• ‘But organisers are not sure how long they can keep it going without more volunteers to help run it.’
      • ‘Have I been a raging misogynist for this long and simply not realised it?’
      • ‘I can't look at that picture without wondering how long it took them to get those shadows under his eyes.’
      • ‘When Scots meet me for the first time, they always ask how long I've been here.’
    2. 1.2At a time distant from a specified event or point of time.
      ‘it was abandoned long ago’
      ‘the work was compiled long after his death’
      • ‘The rock was a meteorite, blasted off the Red Planet long ago by the impact of a comet.’
      • ‘I'd go with my pals and play football or go cycling, even though this was long before mountain bikes came along.’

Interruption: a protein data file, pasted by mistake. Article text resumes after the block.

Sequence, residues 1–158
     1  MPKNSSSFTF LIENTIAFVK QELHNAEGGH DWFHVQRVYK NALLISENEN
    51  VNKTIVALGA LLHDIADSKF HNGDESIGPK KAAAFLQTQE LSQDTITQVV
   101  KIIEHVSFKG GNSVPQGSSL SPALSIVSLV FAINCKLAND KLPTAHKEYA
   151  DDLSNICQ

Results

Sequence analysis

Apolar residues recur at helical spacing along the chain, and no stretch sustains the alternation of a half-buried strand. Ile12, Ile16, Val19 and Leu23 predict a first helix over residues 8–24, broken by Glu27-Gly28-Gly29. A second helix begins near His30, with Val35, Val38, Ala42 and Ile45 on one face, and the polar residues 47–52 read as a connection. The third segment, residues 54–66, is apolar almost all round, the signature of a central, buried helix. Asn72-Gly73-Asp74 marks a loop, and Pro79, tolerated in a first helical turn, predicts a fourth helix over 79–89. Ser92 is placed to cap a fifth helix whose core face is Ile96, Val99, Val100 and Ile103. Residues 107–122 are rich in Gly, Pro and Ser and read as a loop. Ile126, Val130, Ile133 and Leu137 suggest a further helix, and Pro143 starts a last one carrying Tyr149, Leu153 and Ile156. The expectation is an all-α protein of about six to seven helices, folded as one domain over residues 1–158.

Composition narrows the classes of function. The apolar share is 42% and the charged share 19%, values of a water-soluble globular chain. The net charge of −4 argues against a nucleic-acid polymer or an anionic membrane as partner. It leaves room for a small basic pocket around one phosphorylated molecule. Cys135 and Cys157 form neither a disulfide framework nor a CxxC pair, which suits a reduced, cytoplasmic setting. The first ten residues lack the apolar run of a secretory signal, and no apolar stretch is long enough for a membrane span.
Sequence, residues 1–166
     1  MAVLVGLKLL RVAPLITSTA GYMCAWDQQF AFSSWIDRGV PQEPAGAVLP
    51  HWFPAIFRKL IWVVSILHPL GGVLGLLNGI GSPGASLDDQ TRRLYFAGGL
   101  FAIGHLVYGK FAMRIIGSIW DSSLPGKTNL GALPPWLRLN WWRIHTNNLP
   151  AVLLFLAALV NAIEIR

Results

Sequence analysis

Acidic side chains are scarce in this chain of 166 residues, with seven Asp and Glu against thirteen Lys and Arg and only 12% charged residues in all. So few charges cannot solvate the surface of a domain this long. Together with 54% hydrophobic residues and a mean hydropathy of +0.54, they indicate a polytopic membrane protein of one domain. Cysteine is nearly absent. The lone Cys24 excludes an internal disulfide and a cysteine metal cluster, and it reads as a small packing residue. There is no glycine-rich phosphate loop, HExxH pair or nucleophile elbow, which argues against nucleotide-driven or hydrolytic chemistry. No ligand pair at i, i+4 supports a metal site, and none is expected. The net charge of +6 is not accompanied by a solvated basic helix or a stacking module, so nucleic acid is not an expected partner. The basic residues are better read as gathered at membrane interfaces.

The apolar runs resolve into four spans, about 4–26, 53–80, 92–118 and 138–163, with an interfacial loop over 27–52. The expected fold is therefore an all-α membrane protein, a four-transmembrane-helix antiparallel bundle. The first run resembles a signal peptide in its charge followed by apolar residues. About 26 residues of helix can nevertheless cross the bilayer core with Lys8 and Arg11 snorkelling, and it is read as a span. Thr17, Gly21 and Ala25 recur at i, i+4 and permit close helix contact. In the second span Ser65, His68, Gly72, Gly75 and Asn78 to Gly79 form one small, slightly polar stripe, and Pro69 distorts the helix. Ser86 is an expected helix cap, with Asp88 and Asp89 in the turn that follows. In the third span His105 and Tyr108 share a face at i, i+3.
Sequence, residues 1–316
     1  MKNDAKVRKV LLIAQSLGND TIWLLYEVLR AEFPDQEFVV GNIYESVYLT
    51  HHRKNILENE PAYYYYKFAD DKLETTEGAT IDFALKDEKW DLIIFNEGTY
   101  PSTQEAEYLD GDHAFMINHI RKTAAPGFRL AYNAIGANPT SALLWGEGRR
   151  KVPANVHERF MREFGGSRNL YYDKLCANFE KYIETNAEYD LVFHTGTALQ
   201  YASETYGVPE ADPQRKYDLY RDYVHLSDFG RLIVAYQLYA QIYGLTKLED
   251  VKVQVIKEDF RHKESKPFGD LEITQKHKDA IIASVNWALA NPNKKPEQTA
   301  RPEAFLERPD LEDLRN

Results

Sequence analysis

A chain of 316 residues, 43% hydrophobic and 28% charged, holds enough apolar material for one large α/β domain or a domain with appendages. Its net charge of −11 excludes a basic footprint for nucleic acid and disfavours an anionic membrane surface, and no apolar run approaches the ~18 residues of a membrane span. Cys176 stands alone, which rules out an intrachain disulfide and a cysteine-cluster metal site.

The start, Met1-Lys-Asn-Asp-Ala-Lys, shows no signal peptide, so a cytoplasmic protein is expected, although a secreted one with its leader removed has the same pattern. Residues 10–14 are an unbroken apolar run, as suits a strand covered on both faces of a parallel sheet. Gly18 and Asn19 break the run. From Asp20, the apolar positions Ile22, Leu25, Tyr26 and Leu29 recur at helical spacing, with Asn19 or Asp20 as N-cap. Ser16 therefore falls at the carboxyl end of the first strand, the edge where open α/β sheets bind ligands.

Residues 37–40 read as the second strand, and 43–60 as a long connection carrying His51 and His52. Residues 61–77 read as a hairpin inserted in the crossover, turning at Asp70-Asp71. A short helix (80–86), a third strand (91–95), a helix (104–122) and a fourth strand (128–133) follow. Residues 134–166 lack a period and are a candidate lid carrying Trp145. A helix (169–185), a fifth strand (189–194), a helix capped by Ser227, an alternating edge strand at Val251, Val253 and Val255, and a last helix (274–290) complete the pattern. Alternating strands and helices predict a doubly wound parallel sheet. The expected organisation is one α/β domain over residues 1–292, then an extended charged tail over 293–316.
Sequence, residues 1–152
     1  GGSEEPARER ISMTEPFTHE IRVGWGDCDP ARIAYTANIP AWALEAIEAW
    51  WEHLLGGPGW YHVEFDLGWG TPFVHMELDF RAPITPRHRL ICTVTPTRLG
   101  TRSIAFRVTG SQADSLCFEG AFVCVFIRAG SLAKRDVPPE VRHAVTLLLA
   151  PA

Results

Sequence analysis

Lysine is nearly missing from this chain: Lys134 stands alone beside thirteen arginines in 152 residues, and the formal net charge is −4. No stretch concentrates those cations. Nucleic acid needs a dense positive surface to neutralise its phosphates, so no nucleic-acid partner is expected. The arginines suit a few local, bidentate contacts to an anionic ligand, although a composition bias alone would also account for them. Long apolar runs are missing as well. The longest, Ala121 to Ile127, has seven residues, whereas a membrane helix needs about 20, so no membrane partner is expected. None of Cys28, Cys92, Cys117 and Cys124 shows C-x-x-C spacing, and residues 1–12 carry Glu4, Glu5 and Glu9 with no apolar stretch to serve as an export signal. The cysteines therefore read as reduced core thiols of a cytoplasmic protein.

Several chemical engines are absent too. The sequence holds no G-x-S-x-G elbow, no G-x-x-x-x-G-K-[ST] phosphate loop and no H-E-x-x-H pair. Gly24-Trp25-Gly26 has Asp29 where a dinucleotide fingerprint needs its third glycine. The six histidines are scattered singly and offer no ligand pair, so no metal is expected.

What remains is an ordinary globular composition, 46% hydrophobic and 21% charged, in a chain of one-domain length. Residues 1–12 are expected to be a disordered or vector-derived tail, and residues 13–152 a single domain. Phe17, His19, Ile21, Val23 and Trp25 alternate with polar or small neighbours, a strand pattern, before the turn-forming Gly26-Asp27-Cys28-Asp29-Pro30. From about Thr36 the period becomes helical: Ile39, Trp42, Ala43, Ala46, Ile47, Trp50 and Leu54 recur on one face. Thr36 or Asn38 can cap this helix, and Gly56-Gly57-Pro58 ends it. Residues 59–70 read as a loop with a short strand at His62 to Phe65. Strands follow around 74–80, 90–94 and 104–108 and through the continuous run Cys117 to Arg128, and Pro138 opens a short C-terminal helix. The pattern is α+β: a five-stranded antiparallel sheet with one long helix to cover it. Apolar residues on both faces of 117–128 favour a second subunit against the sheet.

• ‘It's a particularly unfashionable old hat that ought to have gone to the charity shop long ago.’
      • ‘Tunisia put the ball in Spain's net, but the whistle had long since gone for offside.’
      • ‘Bob sleighing was popular in and around La Plagne long before the Olympic course was built.’
      • ‘I gave up alcohol long ago as it would completely destroy me for days after.’
      • ‘The match proved a disaster for striker Ryan Senior, who broke a leg not long after his goal.’
      • ‘All of the gospel writers wrote their stories of Jesus' teaching and actions long after his death.’
      • ‘The men long ago stopped wearing tribal costumes.’
      • ‘I do not hear my mother come out of the sitting room until long after I have gone to bed.’
      • ‘Helen's lust for him died long before the end of the war.’
      • ‘Several of the action sequences will live in the memory long after the end of the final credits.’
      • ‘Doctors Hilary and Alan Hill fell in love with Argyll long before moving there.’
      • ‘There is no doubt that the Allies knew about the death camps long before the Russians liberated Majdanek.’